Uttarayan or Makar Sankranti is the day the sun begins to travel north and enters the sign of capricorn. The festival on every January 14 celebrates the end of the harvest season. It also coincides with the rise in temperatures in the north of the country, which this time of the year in India reach minimum levels. One of the main features of the festival is the kite flying which takes place all over India and also in Nepal.
This ceremony is a way of saying goodbye to the month of Poush and inviting the month of Magh. Sweet meats and other vegetarian delights are prepared, shared and enjoyed on this day.
People of all ages climb the roofs of their homes to fly their kites to celebrate the festival. During these days, millions of people are at the same time on the roofs and terraces to fly kites. The goal is to cross the threads and shoot until one breaks. The sky is filled with kites. For me it was like a fairy tale, that's why I start like this.
In the Punjab region, the first day is called Lohri and in the night, the bonfires are lit. I South India the first day is called Bhogi when bonfires were lit in the morning and auspicious rangolis are drawn at the thresholds of the doors.
The second day is Sankranti also called Pongal, but in fact Pongal is a sweet dish made of rice and spiced milk that people eat that day. Kites are flown into the sky in the early morning. On the third day, people eat Kanu, a rice dish with chicken or mutton.
One evening in November, an email announces that I am invited to participate in a kite event in Varanasi. After a moment of doubt and reflection I decided to go. I inquired about travel arrangements and received the booking confirmations right after Christmas.
I arrived in Varanasi in the morning of Makar Sankranti in January at 5.30 am. After the formalities I met the agency guy at the airport who accompanied me to the hotel. I went to bed around 6:30 and woke up at 9:30. I was asked to go to one of the fields but postpone the visit by a few hours and go out at noon.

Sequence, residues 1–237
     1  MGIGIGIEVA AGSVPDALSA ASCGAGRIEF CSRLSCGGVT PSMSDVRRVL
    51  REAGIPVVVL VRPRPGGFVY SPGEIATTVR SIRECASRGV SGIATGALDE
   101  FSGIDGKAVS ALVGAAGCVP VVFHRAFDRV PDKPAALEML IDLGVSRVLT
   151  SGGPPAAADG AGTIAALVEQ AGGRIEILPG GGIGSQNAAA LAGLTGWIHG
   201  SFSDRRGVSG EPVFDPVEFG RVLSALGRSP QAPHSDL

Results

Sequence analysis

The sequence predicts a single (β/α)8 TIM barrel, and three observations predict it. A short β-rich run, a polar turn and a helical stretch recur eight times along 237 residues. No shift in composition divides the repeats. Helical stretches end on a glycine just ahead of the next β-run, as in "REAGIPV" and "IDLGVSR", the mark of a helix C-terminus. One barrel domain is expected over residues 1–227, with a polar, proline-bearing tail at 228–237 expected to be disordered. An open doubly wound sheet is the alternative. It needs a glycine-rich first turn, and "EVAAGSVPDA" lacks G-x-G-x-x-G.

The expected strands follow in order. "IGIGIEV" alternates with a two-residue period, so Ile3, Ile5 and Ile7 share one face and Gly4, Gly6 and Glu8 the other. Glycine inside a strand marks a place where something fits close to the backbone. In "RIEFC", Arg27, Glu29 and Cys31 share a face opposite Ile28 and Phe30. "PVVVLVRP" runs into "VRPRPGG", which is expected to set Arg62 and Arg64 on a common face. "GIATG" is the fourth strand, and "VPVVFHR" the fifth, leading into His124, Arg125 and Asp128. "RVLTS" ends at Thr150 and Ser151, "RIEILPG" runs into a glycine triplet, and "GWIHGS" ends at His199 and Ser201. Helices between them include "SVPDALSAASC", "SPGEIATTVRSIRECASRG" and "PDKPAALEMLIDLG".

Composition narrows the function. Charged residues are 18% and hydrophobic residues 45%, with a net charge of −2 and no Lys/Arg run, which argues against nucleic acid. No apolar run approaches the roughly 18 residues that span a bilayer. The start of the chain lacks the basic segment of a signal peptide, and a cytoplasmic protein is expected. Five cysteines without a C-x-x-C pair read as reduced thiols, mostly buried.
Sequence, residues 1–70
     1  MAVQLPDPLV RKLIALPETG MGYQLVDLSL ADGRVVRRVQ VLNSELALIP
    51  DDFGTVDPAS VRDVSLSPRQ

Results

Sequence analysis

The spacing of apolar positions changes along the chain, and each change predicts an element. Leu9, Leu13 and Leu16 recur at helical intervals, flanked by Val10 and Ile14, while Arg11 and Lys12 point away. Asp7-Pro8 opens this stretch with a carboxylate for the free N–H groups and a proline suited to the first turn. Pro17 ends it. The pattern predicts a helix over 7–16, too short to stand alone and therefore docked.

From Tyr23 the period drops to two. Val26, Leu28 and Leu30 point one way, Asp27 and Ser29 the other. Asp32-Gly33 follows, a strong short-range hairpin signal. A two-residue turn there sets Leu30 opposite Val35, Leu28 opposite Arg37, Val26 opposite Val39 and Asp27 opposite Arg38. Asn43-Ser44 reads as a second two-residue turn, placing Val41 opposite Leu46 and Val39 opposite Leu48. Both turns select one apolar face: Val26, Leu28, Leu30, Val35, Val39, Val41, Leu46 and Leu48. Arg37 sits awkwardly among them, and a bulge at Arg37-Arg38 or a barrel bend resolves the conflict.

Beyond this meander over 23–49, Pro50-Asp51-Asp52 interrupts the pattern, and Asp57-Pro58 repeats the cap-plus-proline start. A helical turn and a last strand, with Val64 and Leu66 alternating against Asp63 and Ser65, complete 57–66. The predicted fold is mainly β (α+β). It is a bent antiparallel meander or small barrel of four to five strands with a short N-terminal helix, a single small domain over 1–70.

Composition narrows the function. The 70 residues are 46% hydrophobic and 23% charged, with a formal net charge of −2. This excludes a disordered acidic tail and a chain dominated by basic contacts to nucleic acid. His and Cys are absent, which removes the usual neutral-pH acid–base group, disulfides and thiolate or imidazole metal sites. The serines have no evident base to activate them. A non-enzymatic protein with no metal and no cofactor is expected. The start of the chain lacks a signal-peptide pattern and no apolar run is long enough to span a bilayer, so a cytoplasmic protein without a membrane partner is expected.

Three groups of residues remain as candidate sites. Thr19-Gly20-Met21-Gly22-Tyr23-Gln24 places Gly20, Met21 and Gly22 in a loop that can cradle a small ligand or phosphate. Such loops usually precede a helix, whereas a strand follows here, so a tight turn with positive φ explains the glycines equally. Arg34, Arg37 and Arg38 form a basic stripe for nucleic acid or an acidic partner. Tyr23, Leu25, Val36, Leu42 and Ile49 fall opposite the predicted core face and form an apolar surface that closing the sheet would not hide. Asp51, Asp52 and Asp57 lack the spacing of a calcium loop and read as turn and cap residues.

The very late breakfast consisted of idlis, upma, a kind of porridge with a cereal and vegetables, cooked rice and chutney. On the steps that overlook the River Ganges on almost every terrace there is a child with a kite. It is also one of the most special and magical days to take a bath.
In fact more than 2 million devotees come to the waters of the Ganges river in Benares to celebrate this festival. In addition, this year coincides with the beginning of the Maha Kumbh Mela, the largest religious congregation in the world that is celebrated every 12 years in Allahabad.
I visit a Krishna temple. Strolling the streets of Benares is like participating in an obstacle course. One of the reasons is the threads of kites that, at every step, get tangled in the feet. The boys and girls of the city were prepared for the Makar Sankranti.
The people were very shy, but at the same time very curious. I was asked a thousand questions with big smiles. The wind was moderately strong. I flew kites for the rest of the day. For me it was the most beautiful moment, full of emotions and very intense. Being able to be in the middle of hundreds of kites and being able to participate in this party was the pinnacle. I managed to cut five kites.
I then went to eat at the hotel. I sat on the floor and ate on coffee tables as we were served on banana leaf sets. A dozen waiters in local costumes always carried us an infinity of very good and particular specialties. I like the til ladoos. After dinner I experienced the local rickshaws to go to the kite market. I had fun with the eyes and finally we went to sleep.